Concerns about the use of motorized boats on the St. Mary Lake, River and its tributaries have been a topic of discussion in Kimberley recently, with one Kimberley resident citing concerns about safety, noise pollution and wildlife.
The resident, who asked not to be named, says that St. Mary Lake is a sanctuary for both humans and animals and that although there is no speed limit on the Lake, one is needed.
Earlier this year, the Regional District of East Kootenay announced that they would be entering into an agreement with a private property owner to create St. Mary Lake Regional Park. While the land remains the property of Mt. Evans Land Company Ltd., the Licence of Occupation permits the RDEK to operate the designated area as a day-use public park with rules consistent with other RDEK park facilities.
Since the creation of the new park, the RDEK has put in designated fire pits, picnic tables and other improvements to the shoreline of the lake.
Loree Duczek, Communications Manager for the RDEK, explained that the lake and river aren’t within the jurisdiction of the RDEK, only the small park. Therefore, the rules and regulations surrounding the use of boats remains under the jurisdiction of Transport Canada.
John Bergenske, Conservation Director for Wildsight, says that the use of jet boats on rivers and tributaries can impact the environment and be a threat to human safety.
“I constantly hear stories of close calls – jet boats coming around the corner when people are paddling or rafting there,” said Bergenske. “Our [Wildsight’s] concerns are on the impacts to the wildlife. During the spring especially, these boats can have an impact on the birds trying to nest, especially because they come out of nowhere. The biggest factor is the disturbance on the nesting wildlife. There are both environmental and safety concerns, but banning those kinds of uses is extremely difficult.”
Sonja Seher, Wildsight’s Vice President for Kimberley Cranbrook, (at the time of this interview, Seher was the Interim Branch Manager for Kimberley/Cranbrook) said that “Wildsight and the community’s hands are tied” because it’s a federal waterway.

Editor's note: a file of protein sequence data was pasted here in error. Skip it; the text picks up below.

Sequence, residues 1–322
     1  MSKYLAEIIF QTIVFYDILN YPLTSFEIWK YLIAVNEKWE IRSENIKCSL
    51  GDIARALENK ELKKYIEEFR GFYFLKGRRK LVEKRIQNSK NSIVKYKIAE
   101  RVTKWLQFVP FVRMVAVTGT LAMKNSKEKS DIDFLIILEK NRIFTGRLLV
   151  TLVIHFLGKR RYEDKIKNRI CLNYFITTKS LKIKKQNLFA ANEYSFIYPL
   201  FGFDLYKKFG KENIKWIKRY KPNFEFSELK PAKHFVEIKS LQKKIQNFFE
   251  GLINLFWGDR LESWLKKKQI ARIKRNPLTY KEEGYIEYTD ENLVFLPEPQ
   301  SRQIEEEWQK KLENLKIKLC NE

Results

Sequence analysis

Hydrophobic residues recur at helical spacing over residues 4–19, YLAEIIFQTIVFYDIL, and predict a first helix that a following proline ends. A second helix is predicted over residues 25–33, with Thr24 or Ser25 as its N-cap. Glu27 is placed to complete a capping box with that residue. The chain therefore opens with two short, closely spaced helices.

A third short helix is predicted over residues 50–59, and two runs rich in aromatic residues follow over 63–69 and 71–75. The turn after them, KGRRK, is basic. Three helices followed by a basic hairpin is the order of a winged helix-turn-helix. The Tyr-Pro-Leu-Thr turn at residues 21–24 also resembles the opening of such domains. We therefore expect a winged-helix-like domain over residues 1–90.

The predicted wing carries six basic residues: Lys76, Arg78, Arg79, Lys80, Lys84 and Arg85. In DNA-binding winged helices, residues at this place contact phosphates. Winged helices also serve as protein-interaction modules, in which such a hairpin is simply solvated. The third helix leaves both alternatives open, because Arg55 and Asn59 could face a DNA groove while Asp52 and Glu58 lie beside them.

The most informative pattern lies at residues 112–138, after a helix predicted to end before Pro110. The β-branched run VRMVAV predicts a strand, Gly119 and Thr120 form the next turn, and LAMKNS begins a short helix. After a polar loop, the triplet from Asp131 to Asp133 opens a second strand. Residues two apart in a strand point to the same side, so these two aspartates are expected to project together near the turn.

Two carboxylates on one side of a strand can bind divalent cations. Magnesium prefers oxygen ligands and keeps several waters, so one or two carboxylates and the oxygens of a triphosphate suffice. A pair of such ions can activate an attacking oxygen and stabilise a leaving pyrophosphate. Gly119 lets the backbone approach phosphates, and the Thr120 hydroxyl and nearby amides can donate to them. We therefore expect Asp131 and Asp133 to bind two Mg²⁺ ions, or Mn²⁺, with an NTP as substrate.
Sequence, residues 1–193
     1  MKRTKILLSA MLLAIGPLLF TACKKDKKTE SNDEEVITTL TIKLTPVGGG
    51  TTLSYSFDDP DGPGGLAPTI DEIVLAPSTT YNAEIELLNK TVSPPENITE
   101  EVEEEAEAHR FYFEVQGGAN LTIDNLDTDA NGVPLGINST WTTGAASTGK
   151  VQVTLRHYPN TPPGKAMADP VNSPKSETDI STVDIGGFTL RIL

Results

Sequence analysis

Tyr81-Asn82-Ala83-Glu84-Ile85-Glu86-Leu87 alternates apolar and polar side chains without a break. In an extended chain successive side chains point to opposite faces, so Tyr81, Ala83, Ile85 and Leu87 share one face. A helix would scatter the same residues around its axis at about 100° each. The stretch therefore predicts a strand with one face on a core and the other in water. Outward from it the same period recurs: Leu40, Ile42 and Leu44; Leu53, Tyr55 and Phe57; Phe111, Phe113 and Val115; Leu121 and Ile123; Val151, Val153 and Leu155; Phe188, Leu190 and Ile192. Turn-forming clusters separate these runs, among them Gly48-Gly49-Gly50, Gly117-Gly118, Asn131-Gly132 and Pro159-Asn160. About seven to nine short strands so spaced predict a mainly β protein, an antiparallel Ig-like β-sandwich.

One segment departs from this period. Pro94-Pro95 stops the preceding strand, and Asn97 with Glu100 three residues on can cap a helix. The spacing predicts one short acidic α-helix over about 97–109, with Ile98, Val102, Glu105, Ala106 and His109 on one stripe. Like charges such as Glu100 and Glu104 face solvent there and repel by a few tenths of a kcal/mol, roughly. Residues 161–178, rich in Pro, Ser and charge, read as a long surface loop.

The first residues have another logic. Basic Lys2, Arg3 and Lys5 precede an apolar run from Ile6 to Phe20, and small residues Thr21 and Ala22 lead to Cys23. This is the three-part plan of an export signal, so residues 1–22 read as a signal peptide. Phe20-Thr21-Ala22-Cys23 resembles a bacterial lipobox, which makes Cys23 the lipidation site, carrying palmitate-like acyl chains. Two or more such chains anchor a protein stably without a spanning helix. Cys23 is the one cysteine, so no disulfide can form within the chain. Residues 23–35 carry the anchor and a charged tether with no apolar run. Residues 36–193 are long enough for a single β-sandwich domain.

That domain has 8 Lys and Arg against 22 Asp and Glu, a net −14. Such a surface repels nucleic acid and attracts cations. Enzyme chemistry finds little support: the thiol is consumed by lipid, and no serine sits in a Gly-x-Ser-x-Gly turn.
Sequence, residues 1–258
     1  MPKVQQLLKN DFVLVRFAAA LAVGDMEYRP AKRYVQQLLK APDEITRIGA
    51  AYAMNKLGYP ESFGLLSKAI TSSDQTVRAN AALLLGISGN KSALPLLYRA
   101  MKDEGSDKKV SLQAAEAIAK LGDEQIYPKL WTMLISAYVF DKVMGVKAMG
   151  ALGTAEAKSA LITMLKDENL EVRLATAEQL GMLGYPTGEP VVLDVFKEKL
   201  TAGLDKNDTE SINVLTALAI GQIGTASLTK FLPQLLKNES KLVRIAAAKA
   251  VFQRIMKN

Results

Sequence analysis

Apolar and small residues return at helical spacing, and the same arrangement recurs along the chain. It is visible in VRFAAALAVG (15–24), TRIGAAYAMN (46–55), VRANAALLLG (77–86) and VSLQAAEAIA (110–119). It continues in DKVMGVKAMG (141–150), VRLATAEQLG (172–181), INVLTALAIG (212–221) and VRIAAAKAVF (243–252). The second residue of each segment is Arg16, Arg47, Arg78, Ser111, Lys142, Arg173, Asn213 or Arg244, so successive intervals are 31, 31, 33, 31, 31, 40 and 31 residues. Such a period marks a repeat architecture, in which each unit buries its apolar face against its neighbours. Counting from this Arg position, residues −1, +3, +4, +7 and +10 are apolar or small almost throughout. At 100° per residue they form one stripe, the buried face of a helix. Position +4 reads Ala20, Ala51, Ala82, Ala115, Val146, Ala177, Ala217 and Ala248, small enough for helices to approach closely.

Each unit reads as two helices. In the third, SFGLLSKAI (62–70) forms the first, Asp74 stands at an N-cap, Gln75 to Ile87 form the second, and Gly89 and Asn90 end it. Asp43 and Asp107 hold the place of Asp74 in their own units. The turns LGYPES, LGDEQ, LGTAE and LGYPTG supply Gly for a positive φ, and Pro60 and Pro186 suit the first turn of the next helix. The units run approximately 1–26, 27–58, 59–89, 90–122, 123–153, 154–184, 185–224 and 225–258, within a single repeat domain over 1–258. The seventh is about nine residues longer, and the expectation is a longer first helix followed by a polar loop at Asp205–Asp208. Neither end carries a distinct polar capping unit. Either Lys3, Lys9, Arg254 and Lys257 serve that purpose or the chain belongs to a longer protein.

“This issue has definitely come up before and there has been more motor activity in the past five years,” said Seher.
Seher referred to the Columbia Wetlands Complex, which received protection on a federal level after 16 years of efforts from multiple stakeholders.
The Columbia Wetlands are recognized internationally as an ecological importance; the source of the largest river flowing to the Pacific Ocean in North America, the Columbia River.
As it states on the Wildsight website, the Wetlands’ rich ecosystem forms the life support system for hundreds of thousands of birds, fish, reptiles, amphibians and mammals, and freshwater to surrounding communities.
“The precedent setting federal regulation, jointly requested by the BC Ministry of the Environment and local environmental organization, Wildsight, restricts boats over 20 horse power on the main channel of the upper Columbia River and its tributaries, from Fairmont Hot Springs to Donald (excluding Lake Windermere),” reads the article from October, 2016. “The first two parts of the regulation were passed in 2009, banning motor vessels from the wetland portion of the Columbia Wetland Wildlife Management Area and eliminating waterskiing and wake boarding from the main channel of the upper Columbia River.”
Seher says that since waterways are governed by Transport Canada, it is very hard to get restrictions in place.
“At the end of the day they [local waterways] are not on the radar for Transport Canada,” said Seher. “That’s not to say that there are no issues, however. Transport Canada has to guarantee that these waterways are transport pathways. They just don’t have this important wildlife area designation.”
Bergenske says speed limits can help, but are hard to enforce.
“There are some places with a speed limit, where you need to slow down to 10 kilometres per hour, for example within 100 metres of the shoreline on lakes,” said Bergenske. “However, it is extremely difficult to enforce that speed limit other than with peer pressure.
“We have discussed this issue and we’ve not been able to make any headway on the St. Mary or Kootenay River. It’s a giant task going forward and to get the cooperation of the province there needs to be an extremely high environmental value. You’ve got a strong case in terms of human safety.”
Bergenske recommends that concerned residents petition the federal government for control of motorized vessels, although it is a long and difficult process.
“The next step would be to go to the local MP and make the case there, and start writing letters to the Ministry of Environment,” said Bergenske. “This kind of ground swell event is what creates change.”